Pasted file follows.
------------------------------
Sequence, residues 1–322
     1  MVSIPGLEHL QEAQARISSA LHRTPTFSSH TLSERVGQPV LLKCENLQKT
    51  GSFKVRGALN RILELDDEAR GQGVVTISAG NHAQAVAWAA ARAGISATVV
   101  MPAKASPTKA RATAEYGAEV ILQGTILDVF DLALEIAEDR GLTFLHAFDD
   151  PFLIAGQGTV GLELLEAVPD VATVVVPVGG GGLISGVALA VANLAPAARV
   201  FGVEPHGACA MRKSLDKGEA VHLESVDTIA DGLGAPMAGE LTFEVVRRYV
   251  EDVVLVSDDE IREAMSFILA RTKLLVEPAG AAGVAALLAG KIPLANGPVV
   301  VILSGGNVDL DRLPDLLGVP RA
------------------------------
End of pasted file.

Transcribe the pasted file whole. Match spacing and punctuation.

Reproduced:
Sequence, residues 1–322
     1  MVSIPGLEHL QEAQARISSA LHRTPTFSSH TLSERVGQPV LLKCENLQKT
    51  GSFKVRGALN RILELDDEAR GQGVVTISAG NHAQAVAWAA ARAGISATVV
   101  MPAKASPTKA RATAEYGAEV ILQGTILDVF DLALEIAEDR GLTFLHAFDD
   151  PFLIAGQGTV GLELLEAVPD VATVVVPVGG GGLISGVALA VANLAPAARV
   201  FGVEPHGACA MRKSLDKGEA VHLESVDTIA DGLGAPMAGE LTFEVVRRYV
   251  EDVVLVSDDE IREAMSFILA RTKLLVEPAG AAGVAALLAG KIPLANGPVV
   301  VILSGGNVDL DRLPDLLGVP RA